- Karl/Fritz/Target: A living human bullseye fired at by everyone but is always smiling. His name has similarly changed throughout the years. Firstly named after his original actor Karl Baumann, he was then credited as Fritz during Matthew Baker's run of the character, but since then is being referred to as Target.
- Chiennes Blanches: The silent chorus, the nameless and the faceless, the dehumanized, mechanical crowd, simultaneously leading and following. They also accompany the principal characters as they make their entrances and exits.
- Les Égarés: Lost individuals who gather together in the streets and abandoned buildings of Quidam. Many of them perform in the banquine act.
- Boum-Boum: A pale skinned, bald character who wears boxing gloves.Enjoys screaming at the audience and walking away proudly, but will run away if an audience member screams back. He is aggressive and physically fit, yet extremely lifeless. It is as though his body lives on only because his soul refuses to leave it.
- Aviator: This character runs around on stage with skeletal wings, but doesn’t look quite ready to take off. Perhaps he doesn’t know he has wings. Perhaps he knows, but can’t fly. Perhaps, like Icarus, he has tried and failed or perhaps he simply wants to escape this world and its problems.
- Homme Rayé: Translating into English as the 'Striped man' due to his blue and red costume with white stripes. He is one of Les Égarés who has a scarred face.
- Pierrot: Another of Les Égarés who is most noticeable when running across the stage in a long white gown and she has bright red hair.
- Kangaroo: A character representing the youth in society, he wears a blue, sleeveless hood and is one of Les Égarés.
- Blue Lady: A pale skin lady, always spinning on herself.
- La Garçonne: One of Les Égarés, she is dressed in red and love skipping all the time.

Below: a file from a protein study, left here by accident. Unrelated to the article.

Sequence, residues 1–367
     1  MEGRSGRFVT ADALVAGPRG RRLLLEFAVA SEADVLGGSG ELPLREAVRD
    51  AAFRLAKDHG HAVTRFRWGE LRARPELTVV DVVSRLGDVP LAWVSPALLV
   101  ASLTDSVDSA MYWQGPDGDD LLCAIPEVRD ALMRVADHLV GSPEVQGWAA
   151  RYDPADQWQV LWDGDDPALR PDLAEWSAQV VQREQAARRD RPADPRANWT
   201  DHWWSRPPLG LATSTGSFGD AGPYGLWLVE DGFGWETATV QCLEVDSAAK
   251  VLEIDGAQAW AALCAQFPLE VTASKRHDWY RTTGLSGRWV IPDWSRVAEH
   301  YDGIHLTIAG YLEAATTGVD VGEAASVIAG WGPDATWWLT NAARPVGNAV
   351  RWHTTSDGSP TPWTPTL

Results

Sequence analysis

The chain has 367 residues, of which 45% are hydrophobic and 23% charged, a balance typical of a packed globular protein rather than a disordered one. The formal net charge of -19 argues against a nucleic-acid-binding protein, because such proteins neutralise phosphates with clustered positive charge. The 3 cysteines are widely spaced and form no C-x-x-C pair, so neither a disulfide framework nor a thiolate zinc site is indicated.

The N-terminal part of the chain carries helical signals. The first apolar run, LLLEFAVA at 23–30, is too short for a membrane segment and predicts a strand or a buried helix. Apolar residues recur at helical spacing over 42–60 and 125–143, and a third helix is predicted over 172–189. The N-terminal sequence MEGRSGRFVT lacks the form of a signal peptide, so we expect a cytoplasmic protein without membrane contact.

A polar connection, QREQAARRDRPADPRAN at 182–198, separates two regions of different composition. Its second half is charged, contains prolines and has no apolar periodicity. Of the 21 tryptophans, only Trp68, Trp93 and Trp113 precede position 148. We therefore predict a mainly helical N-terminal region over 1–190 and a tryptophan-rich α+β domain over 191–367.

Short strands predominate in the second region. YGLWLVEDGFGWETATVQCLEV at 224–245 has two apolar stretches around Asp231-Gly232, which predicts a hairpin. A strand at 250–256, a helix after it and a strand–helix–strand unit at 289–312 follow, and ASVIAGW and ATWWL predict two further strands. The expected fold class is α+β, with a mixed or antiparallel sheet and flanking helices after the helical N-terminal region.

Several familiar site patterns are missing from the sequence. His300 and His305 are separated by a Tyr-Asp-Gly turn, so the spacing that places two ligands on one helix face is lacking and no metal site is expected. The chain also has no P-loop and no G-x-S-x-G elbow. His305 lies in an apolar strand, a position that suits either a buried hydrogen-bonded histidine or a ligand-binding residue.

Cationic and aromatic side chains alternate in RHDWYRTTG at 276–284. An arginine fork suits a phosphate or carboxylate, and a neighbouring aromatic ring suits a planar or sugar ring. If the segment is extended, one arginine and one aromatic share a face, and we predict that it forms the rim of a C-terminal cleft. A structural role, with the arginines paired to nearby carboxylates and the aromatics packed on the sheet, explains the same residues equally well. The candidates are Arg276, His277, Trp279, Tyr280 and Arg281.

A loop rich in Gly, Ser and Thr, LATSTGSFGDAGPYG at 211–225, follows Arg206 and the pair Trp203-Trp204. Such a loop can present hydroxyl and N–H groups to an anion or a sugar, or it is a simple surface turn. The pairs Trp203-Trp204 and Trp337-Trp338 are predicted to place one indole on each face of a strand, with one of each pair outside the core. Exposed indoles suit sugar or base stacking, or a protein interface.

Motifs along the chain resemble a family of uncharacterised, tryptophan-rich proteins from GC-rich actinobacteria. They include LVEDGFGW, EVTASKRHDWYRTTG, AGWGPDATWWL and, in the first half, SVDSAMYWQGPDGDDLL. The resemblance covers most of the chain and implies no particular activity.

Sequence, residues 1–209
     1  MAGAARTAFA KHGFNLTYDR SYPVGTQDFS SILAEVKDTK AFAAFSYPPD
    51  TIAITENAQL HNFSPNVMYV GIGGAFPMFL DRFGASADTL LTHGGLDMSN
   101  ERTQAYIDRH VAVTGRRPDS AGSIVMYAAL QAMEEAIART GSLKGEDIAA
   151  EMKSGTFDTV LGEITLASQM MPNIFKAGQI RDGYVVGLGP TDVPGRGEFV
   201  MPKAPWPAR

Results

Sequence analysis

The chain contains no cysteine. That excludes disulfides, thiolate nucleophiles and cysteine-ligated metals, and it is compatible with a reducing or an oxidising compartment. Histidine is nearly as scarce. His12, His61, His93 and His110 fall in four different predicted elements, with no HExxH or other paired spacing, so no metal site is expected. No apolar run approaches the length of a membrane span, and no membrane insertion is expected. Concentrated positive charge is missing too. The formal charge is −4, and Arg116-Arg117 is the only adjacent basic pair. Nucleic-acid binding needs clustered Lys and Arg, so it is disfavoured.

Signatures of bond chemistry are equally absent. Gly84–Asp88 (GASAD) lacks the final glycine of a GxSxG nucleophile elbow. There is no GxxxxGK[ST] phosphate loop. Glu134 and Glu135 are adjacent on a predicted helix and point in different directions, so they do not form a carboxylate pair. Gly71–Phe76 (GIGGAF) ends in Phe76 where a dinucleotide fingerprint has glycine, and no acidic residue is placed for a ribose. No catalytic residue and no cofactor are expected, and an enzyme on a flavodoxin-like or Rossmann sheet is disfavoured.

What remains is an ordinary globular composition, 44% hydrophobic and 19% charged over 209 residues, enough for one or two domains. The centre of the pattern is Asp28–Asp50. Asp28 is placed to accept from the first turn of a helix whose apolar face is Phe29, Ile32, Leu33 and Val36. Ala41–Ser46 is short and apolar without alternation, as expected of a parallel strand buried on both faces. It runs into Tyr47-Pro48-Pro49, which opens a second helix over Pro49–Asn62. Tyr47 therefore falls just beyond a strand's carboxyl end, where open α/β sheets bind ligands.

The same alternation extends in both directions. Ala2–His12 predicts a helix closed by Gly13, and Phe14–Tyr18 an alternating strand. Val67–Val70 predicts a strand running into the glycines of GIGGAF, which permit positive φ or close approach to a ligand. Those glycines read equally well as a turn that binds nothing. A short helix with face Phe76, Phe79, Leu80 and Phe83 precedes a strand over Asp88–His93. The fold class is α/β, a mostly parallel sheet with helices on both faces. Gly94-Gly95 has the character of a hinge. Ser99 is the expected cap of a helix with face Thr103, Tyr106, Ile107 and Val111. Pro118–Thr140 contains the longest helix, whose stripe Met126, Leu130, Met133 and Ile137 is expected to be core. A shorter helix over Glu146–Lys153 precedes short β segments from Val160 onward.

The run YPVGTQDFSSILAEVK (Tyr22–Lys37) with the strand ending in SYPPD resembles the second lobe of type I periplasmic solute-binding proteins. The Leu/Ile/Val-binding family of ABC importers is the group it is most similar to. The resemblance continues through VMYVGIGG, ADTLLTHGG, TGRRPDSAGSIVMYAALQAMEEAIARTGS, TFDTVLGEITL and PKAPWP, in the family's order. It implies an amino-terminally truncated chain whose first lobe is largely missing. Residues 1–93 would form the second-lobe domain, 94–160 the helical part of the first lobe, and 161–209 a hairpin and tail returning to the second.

- Ballerina: A strange character, he is dressed with a tutu.
- Rescapé: One of Les Égarés
- Oublié: One of Les Égarés
- La Mouche: An upbeat character that makes up Les Égarés, she is dressed entirely in light blue and green.
- Funny Bunny/Peau D'ane: A character who chases and gets chased by other characters. A genius in ecology, lovey-dovey, and astrology. She is one of Les Égarés and is noticeable as a red rabbit on stage.
Quidam combines a mix of acrobatic skills and traditional circus acts:
- German Wheel: An acrobat performs tricks within a German wheel.
- Diabolo: Originally performed by four girls and later as a solo act, the performer manipulates up to 3 diabolos (i.e. Chinese yo-yo) at once. A diabolo is a wooden spool balance juggled by two sticks linked with a string.
- Aerial contortion in silk: Intensity, power and grace combine when a young woman becomes one with the column of red fabric which supports and cradles her.
- Skipping ropes: Drawing inspiration from dance, acrobatics, and the art of manipulation, a group of 20 acrobats performs this familiar child's game in a steady stream of solo, duo, and group jumps and figures.
- Aerial hoops: Three performers use hoops attached to the ceiling to perform tricks.
- Handbalancing: Using strength and balance, a performer contorts into poses while on balancing canes.
- Spanish webs: Artists fly over the stage, attached to trolleys on the overhead tracks. In turn or as a group, they occasionally perform a sudden drop, stopped only by the ropes looped around their waists or ankles.